What’s Up at Upstate: A look at educational, health care, research and community endeavors
A renewed curriculum for the first two years of medical school at Upstate introduces students to the body, organ by organ, and provides them with clinical exposure earlier in their academic careers.
Their study begins with molecules, cells and microbes and then focuses on the musculoskeletal system, skin and blood before moving to the nervous system, the circulatory and respiratory systems and more. In each unit, students learn what an organ and its cells look like, what they do, how they work and how they relate to the other organs and systems of the body. Woven throughout each unit are the basic sciences, including anatomy and cell biology, biochemistry and molecular biology, physiology and neuroscience, microbiology and immunology, pathology and pharmacology.
In addition, faculty members who also care for patients at Upstate University Hospital will teach small groups of students to use problem-based learning to analyze clinical cases.
Many medical schools follow a similar curriculum.
Easing the way home for hospital patients
Upstate University Hospital offers a 20-bed Transitional Care Unit on a newly renovated floor for patients who no longer require acute care but continue to need specialized medical, nursing or other hospital ancillary services before returning to their homes.
Patients who may receive transitional care include someone with a new diagnosis of diabetes, someone recovering from surgery and needing complex wound care, or someone requiring intravenous antibiotics for a systemic infection. (Click here for a radio interview/podcast about the unit with Sharon Brangman, MD, medical director, and nurse Amy Rottger, unit manager.)
Project aims to reduce HIV, similar infections
A five-year, $1 million grant from the New York State Department of Health will help prevent the spread of the human immunodeficiency virus, which causes AIDS. Doctors at Upstate‘s Immune Health Services will provide pre-exposure prophylaxis, a daily pill called Truvada, to healthy HIV-negative adults and adolescents who are at risk for HIV or other sexually transmitted infections. HIV screening and health assessments are also available.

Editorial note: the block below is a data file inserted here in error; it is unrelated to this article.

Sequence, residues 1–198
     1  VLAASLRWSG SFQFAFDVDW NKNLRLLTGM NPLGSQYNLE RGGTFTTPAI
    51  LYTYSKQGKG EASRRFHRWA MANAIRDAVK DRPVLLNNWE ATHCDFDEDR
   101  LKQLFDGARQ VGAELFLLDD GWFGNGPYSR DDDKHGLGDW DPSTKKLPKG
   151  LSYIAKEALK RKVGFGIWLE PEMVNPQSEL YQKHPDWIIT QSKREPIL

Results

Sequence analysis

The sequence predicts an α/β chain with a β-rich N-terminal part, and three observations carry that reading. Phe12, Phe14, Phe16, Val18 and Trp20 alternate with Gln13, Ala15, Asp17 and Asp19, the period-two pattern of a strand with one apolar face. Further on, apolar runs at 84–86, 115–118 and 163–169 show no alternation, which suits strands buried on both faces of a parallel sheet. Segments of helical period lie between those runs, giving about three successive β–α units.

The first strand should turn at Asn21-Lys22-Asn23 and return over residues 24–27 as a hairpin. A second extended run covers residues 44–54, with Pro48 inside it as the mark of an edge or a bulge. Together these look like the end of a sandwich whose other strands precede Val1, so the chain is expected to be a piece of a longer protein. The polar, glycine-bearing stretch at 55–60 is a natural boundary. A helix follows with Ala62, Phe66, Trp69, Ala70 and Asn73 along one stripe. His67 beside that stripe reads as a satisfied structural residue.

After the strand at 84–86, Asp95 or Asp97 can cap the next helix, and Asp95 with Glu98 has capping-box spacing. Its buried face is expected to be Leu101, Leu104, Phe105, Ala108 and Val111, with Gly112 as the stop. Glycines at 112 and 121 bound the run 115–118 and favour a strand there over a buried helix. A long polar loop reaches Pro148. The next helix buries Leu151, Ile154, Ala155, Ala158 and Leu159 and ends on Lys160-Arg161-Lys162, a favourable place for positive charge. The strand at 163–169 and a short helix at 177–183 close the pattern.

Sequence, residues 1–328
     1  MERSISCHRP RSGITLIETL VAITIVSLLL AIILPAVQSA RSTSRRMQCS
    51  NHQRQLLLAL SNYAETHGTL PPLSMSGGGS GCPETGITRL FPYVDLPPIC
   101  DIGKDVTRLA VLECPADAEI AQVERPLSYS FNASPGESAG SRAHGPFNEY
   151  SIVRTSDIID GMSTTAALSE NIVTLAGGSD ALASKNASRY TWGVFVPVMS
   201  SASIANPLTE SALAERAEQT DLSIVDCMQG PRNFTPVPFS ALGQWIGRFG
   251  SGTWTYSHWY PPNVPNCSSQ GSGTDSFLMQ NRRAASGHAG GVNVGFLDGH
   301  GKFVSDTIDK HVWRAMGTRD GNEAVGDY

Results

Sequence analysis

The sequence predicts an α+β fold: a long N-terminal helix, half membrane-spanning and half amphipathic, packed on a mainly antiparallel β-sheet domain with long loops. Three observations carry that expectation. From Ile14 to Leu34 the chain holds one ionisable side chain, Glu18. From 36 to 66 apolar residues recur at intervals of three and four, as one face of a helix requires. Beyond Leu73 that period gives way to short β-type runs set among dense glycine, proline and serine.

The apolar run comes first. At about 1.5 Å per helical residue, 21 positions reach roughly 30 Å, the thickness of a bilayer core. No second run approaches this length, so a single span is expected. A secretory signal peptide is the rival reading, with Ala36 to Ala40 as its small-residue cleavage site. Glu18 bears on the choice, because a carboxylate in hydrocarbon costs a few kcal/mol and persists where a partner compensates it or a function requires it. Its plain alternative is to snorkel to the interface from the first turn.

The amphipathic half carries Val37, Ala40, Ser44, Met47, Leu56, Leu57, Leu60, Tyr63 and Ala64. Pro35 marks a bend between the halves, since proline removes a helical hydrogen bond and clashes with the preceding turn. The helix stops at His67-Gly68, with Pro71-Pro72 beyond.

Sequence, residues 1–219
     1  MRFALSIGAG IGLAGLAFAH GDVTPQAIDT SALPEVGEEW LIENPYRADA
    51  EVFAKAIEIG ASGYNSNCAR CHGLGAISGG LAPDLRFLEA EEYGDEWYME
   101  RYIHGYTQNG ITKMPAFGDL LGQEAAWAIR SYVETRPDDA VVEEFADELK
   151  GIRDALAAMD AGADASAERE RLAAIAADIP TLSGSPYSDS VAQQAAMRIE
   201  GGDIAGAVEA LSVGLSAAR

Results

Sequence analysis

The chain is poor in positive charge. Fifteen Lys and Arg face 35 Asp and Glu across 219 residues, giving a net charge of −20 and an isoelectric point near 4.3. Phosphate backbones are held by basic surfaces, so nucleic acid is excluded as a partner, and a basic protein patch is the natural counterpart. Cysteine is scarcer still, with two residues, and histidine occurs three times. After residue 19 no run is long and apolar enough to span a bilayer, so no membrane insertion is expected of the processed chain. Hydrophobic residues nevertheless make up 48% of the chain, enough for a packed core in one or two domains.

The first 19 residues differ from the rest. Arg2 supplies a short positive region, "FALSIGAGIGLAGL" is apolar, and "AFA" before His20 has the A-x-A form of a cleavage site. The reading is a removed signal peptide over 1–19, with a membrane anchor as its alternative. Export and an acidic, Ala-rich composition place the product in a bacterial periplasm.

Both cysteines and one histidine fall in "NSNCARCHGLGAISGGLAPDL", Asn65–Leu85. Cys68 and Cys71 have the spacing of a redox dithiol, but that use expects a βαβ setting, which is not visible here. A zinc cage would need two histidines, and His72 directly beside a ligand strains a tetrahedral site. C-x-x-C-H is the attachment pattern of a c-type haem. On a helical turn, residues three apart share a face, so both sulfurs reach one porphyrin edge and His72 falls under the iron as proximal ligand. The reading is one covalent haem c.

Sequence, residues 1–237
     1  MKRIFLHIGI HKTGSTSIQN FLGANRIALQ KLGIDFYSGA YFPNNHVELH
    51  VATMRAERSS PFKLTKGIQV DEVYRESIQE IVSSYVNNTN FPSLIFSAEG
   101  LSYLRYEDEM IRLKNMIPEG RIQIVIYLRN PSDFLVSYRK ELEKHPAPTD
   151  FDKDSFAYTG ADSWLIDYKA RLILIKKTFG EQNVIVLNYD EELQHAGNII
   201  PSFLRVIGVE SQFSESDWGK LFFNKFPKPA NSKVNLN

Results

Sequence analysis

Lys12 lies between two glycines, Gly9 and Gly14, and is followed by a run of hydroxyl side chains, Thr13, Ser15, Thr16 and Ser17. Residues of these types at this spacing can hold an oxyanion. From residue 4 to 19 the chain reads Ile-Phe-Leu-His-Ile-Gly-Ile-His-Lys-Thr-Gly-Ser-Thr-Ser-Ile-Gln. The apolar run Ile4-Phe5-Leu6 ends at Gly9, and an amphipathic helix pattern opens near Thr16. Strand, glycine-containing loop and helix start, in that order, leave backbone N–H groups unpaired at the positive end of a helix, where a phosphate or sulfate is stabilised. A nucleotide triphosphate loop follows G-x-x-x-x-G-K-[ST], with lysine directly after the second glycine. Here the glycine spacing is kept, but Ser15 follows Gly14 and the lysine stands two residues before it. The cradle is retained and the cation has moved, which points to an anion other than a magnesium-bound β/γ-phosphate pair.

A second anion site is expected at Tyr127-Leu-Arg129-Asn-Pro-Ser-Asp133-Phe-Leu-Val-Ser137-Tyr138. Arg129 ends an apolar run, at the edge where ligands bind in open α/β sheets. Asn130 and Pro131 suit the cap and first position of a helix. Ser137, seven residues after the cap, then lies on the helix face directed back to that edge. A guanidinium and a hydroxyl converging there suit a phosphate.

This is part of Gov. Andrew Cuomo‘s goal to reduce the annual number of new HIV infections in New York state to 750, from an estimated 3,000, by the end of 2020. Studies show that people who take the medication as prescribed reduce their risk of getting HIV by more than 90 percent.
Research focuses on pregnancy, early childhood
The Global Maternal Child and Pediatric Health Program is designed to address the global health issues women face during pregnancy and children face during early childhood. The initiative combines research, clinical trials, education and training here and abroad.
The program is part of Upstate‘s Center for Global Health & Translational Science, which already has done significant work in various global health issues, such as mosquito-borne illnesses including dengue and chikungunya. “We will now have a laserlike focus on emerging areas of research during pregnancy and early childhood,” says David Amberg, PhD, Upstate‘s vice president for research.
Neighbors spread healthy information about parenting
Resident health advocates help teach a parenting class as part of Healthy Neighbors, a health and wellness collaboration between Upstate and the Syracuse Housing Authority.
Ten residents of Pioneer Homes completed an eight-week training program to become health advocates, learning about cancer prevention, sexual health, physical activity and nutrition. Healthy Neighbors is expanding to the Toomey Abbott Towers, 1207 Almond St., and Almus Olver Towers, 300 Burt St.
This article appears in the fall 2016 issue of Upstate Health magazine.